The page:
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Inside Metropolis Studios' New 3D Audio Recording Facility

Metropolis Studios, Europe’s leading independent recording studio, has opened a brand-new, state-of-the-art 3D audio recording facility at the heart of its West London complex.

Headliner recently paid the legendary studios a visit to hear from the team behind the new room, which as part of an exclusive content deal with Amazon Music, will become the streaming services’ UK-based HQ for immersive mixing.

From finding partners for live streamed concerts and mixing 3D audio for theatre shows to working with TV and film production companies on enhancing new and catalogue audio recordings, the impressive scope of the studio’s technological capabilities will provide the arts with a wealth of creative opportunities.

The control room pursues an ambitious and flexible ‘hub studio’ approach, enabling freedom from dependence on any particular mix hardware so that those using the studio can bring their own mixing console. With all the loudspeakers around the room arrayed at 30° of separation to each other, the new studio’s comprehensive immersive audio monitoring is designed to cater for all surround formats, including Dolby Atmos.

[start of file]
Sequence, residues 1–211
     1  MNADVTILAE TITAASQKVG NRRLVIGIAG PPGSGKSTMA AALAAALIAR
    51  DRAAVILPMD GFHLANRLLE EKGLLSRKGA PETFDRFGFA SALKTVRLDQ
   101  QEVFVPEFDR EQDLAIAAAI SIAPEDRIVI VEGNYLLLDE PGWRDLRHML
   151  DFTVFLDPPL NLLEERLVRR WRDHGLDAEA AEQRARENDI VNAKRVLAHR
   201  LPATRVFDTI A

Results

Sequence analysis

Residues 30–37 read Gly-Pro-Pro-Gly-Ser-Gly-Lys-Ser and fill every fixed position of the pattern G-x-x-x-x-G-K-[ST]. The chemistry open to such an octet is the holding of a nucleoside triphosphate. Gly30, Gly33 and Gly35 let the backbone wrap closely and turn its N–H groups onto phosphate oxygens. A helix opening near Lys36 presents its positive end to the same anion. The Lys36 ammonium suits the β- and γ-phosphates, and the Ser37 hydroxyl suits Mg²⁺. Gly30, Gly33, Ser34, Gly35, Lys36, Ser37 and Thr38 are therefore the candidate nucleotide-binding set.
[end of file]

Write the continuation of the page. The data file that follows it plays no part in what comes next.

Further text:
Metropolis teamed up with immersive content expert Sonosphere on the design and specification of the new studio and to support its creative mix workflow. Upon completion, the teams were most pleasantly surprised to discover that the room is the highest resolution Dolby Atmos room in the country, although Sonosphere commercial director Jamie Gosney insists that this wasn’t the main objective:

“We just wanted the studio to be everything for anybody who wanted to ever use it,” he tells Headliner. “What we’ve effectively done is create an 11.1.8 room, which doesn't officially exist yet. But it just means that when we're working in Dolby Atmos, we can do so in much higher resolution.”

Just one of the plans for the new immersive room is to use it for broadcast purposes, with it’s incredibly high spec providing seemingly endless possibilities for live, hybrid remote production events using a built-in 5G network as the backbone.

One of the issues that theatre sound designers often experience, as Gosney explains, is the fact that they usually have to set up makeshift systems in makeshift locations in order to program immersive shows:

“This speaker system can be anything anybody wants it to be because of the processors we're using,” he says. “So we can create presets for different configurations and they can bring in whatever desk they want to program their show here and translate it back to the theatre.